Thursday 14 April 2011
Tsar's Bride preludial
One thing's for sure: the dying heroine of Rimsky-Korsakov's pseudo-historical melodrama in Paul Curran's new production for the Royal Opera, opening tonight, won't be costumed anything like Nadezhda Zabela-Vrubel in the 1899 production at Mamontov's Private Opera. Dare I hazard a guess that the silent role - what the Greeks used to call the kophon prosopon - of Ivan the Terrible might be portrayed by a Putin lookalike in a sharp suit? There'd be a precedent for that in the purpled parody of Yeltsin's embarrassing disco-dance executed by Paata Burchuladze's Tsar Dodon in Zambello's Golden Cockerel. Anyway, it's going to be oligarchs and mafia, I imagine, in sets that will look nothing like the old Bilibin design for Act 4:
No, if that's the sort of thing you want, you can see it done at not quite the highest level in the valiant efforts of the Moscow-based ballet company calling itself Les Saisons Russes du XXI Siecle at the Coli, where on Tuesday our princess even ended up with the sort of wedding headdress envisaged on the frontispiece of my Tsar's Bride vocal score (I don't dare reproduce it again here, but I think they've included a shot in the programme alongside my article). I'm very curious to know whether Curran can make cogent contemporary drama out of a very silly revenge plot.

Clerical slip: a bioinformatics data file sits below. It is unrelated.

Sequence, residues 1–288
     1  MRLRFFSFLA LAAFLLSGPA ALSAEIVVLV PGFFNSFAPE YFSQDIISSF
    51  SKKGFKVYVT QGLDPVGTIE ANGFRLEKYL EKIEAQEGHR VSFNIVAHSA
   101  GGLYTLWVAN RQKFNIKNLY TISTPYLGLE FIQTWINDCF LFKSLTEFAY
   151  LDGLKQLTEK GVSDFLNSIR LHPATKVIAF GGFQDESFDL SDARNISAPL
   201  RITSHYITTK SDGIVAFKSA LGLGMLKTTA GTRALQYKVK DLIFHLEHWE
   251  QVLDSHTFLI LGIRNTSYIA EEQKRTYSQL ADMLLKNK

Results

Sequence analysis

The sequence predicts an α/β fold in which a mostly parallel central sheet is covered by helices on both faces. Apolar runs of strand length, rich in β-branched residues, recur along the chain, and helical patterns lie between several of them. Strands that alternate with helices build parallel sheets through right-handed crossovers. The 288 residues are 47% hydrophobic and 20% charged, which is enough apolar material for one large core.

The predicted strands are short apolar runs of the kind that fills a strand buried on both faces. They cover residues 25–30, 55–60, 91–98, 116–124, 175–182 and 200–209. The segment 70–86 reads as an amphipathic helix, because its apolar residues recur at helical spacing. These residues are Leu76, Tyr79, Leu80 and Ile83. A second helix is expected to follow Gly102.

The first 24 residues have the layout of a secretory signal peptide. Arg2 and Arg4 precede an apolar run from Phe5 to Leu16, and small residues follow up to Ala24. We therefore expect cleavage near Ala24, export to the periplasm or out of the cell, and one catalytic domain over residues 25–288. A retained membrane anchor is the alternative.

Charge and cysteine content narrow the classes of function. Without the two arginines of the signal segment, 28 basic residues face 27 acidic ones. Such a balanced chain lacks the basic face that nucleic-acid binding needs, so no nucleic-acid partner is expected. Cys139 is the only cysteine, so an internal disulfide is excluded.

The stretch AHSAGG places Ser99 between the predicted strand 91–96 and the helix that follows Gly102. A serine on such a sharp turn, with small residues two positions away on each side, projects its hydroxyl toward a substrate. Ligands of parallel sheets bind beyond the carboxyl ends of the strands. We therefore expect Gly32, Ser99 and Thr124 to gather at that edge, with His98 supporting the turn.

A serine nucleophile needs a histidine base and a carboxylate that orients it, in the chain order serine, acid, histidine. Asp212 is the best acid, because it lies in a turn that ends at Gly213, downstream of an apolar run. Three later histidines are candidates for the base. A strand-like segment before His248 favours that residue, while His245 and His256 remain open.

In the meantime, having seen a perfectly traditional production at the Bolshoy starring a veteran Obraztsova, I know it's not boring and that most of the music presses the right buttons, even while it's not Rimsky in fantastical vein. The overture's a nimble corker, for a start, and I've already waxed lyrical about Borodina and Hvorostovsky in the Act 1 duet. We ought to hear the classic Arkhipova performance of Lyubasha's lovelorn aria:
And here are two clips from the rather good 1966 Russian film, which I was pleased to be able to show the students in a Kultur DVD import. Note that the good-lookers, especially the dishy Gryaznoy, are actors miming to a Svetlanov-conducted soundtrack. First let's have the lovely quartet in Act Two, modelled on a very Beethovenian moment in Glinka's A Life for the Tsar:
And finally the scene of Marfa's poisoned delirium, using the medium of film to create the illusion inherent in the music.
15/4 The results: a bit of a disappointment, though the updating started out pretty well. Full Arts Desk review here - plus a belated glimpse of what we're talking about below, one of Bill Cooper's production shots of Act 4.